Not so long ago, Donald Trump seemed obsessed with just one of the Democrats vying to replace him: Joe Biden. Over the past year, as the former vice president became the front-runner, Trump’s campaign spent about $270,000 on Facebook ads targeting Biden—more than it spent against other top candidates. Then Biden began to collapse and Bernie Sanders started to rise. Trump’s social-media ads demonizing “Sleepy Joe” tailed off. Yet thus far, there’s been no appreciable pickup in anti-Sanders ads. It’s as if Trumpworld might want to go easy on Sanders.
It does. Team Trump views Sanders as the weakest candidate left on the Democratic side, and isn’t eager to do anything to impede his rise, several of the president’s past and present political advisers told me. They seem to see Sanders as a no-lose proposition: The president wins whether the senator from Vermont captures the nomination or not.
Should Sanders prevail, Trump’s strategy will be to spotlight his democratic-socialist identity in an attempt to make voters fear he’ll take away their freedom. (Trump will try to brand any Democratic nominee a socialist—Team Trump just thinks it’ll be easier with the guy whose self-description includes the word.) If Sanders falters, Trump will argue that he was unfairly robbed of a nomination he earned. Trump has long stoked suspicions of an anti-Sanders conspiracy within the Democratic Party, for what seems to be two purposes: leaving Sanders’s following so disillusioned that they stay home on Election Day, or perhaps persuading them to switch sides and vote Republican. Sanders may not need Trump, but for the time being, Trump needs Sanders.
“Sanders would be every holiday present rolled into one,” Sean Spicer, the former White House press secretary and an ex–senior adviser to a pro-Trump super PAC, told me. “With Bernie, there’s a general agreement that he’s a gift.”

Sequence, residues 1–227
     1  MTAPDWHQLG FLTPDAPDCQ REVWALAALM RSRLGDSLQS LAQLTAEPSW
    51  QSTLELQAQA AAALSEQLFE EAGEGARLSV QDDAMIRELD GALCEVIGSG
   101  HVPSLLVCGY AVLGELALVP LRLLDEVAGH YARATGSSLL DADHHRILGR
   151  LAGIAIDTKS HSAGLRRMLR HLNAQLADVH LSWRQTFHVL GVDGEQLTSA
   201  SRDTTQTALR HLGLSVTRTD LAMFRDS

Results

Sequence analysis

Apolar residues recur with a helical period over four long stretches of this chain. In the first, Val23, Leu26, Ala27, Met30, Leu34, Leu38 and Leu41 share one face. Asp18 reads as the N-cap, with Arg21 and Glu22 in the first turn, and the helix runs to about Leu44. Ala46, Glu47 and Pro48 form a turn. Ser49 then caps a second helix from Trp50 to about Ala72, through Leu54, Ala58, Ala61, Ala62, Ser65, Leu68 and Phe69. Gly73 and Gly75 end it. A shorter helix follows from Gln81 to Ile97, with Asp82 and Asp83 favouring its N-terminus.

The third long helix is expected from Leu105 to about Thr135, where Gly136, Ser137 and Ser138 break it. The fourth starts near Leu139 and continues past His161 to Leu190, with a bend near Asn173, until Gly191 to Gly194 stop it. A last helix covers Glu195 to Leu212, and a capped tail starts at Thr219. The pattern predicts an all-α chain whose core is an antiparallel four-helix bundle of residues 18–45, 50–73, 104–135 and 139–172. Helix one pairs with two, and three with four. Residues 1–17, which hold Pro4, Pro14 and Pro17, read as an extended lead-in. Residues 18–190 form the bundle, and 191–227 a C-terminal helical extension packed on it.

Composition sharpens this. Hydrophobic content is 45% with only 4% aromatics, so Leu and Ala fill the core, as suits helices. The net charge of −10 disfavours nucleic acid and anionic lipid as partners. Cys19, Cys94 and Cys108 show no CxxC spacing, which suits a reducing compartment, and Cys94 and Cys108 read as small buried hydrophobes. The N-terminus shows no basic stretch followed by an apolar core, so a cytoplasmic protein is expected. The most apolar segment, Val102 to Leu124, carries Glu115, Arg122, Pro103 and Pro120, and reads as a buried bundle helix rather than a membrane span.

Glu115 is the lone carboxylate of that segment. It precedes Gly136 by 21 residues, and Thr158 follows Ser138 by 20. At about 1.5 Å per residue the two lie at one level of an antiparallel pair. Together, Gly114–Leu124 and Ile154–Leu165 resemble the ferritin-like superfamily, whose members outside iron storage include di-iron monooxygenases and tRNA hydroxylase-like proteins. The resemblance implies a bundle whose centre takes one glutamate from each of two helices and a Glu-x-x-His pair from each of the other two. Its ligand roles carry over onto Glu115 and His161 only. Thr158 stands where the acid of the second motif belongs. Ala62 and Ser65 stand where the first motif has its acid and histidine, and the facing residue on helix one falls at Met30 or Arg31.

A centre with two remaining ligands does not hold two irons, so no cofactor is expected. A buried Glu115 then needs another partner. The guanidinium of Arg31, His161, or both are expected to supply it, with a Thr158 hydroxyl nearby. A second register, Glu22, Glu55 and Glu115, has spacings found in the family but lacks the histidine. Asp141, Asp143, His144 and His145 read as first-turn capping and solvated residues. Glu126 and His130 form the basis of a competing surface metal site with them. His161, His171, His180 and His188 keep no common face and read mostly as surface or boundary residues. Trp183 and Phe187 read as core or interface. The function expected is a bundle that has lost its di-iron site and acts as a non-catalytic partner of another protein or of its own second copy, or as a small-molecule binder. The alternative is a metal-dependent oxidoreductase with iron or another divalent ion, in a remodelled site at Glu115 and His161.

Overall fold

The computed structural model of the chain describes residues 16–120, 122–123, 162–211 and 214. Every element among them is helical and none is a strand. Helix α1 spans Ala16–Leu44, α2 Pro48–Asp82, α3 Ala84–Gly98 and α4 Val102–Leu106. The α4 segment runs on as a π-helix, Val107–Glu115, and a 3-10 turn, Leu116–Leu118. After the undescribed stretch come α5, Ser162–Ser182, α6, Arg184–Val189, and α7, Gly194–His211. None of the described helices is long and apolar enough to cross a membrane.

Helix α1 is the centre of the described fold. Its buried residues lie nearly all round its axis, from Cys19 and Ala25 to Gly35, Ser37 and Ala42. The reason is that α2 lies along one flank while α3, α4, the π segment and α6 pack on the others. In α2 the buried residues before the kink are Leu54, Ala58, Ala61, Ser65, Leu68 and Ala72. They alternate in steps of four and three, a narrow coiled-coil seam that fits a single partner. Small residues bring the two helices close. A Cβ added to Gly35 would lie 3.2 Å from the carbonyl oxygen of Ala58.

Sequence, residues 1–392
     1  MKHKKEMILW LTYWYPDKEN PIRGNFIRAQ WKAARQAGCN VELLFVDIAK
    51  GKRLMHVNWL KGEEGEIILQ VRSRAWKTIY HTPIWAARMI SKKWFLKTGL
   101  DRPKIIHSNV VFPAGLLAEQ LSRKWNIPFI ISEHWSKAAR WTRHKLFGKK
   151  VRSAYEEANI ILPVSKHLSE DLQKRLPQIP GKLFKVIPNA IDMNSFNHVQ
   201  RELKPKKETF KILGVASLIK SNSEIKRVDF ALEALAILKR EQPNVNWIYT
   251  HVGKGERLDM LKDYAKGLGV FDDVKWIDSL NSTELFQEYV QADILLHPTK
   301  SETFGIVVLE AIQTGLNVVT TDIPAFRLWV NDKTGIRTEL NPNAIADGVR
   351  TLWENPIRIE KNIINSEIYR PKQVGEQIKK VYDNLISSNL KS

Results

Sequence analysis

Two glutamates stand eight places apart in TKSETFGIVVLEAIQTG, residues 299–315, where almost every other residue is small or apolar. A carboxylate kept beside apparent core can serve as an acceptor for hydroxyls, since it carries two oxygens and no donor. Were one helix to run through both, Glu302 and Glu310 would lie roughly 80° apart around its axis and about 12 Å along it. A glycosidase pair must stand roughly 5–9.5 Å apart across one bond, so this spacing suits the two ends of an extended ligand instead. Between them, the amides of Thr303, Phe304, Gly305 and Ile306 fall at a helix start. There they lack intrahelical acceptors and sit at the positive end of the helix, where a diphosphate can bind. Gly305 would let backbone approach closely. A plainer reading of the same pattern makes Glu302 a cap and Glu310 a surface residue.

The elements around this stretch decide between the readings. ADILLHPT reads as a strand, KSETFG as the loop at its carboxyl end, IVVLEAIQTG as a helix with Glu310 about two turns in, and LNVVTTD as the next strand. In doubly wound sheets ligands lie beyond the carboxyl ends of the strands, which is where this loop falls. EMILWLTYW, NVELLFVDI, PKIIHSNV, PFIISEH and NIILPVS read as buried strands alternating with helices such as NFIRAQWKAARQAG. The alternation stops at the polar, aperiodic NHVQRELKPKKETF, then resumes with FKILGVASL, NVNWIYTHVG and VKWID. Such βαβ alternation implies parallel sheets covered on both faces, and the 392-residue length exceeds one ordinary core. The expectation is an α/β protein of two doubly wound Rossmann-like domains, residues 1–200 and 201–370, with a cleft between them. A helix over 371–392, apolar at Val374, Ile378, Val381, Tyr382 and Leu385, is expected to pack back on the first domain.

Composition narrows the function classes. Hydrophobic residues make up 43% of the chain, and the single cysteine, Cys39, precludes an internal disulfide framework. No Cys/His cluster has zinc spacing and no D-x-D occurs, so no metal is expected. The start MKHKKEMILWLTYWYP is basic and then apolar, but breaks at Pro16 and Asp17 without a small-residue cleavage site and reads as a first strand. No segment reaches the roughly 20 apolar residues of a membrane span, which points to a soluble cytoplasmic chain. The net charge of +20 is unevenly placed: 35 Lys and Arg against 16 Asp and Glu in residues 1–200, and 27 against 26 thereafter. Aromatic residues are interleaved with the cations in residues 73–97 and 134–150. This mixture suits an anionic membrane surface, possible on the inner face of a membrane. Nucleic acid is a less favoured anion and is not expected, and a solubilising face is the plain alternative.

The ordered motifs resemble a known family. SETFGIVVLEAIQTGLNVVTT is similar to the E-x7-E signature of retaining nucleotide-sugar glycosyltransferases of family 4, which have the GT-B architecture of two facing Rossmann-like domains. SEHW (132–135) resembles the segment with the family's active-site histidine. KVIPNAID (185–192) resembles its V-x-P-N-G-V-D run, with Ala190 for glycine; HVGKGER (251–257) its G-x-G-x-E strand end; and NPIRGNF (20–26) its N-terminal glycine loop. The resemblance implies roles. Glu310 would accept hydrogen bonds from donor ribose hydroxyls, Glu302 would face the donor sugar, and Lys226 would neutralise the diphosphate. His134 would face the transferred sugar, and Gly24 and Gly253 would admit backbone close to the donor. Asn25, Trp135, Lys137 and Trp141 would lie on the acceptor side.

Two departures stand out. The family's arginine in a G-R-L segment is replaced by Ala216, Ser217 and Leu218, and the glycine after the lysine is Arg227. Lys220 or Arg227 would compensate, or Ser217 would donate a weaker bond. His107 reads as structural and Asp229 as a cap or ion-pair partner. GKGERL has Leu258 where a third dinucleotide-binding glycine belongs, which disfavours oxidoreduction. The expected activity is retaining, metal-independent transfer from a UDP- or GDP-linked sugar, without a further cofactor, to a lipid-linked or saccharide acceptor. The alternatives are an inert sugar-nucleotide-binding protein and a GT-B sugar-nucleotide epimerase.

Mistreating Sanders and alienating his supporters could cost Trump the election, depending on how the Democratic nomination fight ends. An analysis from the political scientist Brian Schaffner shows that in 2016, tens of thousands of Sanders supporters voted for Trump in Wisconsin, Michigan, and Pennsylvania—three battleground states that Trump narrowly flipped from blue to red. Had these voters aligned with the Democrats instead, Hillary Clinton would have won all three states and, ultimately, the election.
“To the extent that a Democratic primary becomes close and maybe Sanders doesn’t get the nomination, there’s a good chance that a reasonable share of his supporters is likely to buy into the thinking that the party had it in for Sanders,” Schaffner, a Tufts University civics professor, told me. “And if that’s the case, some of those people might find it easy to sit out a general election or cast a protest vote.”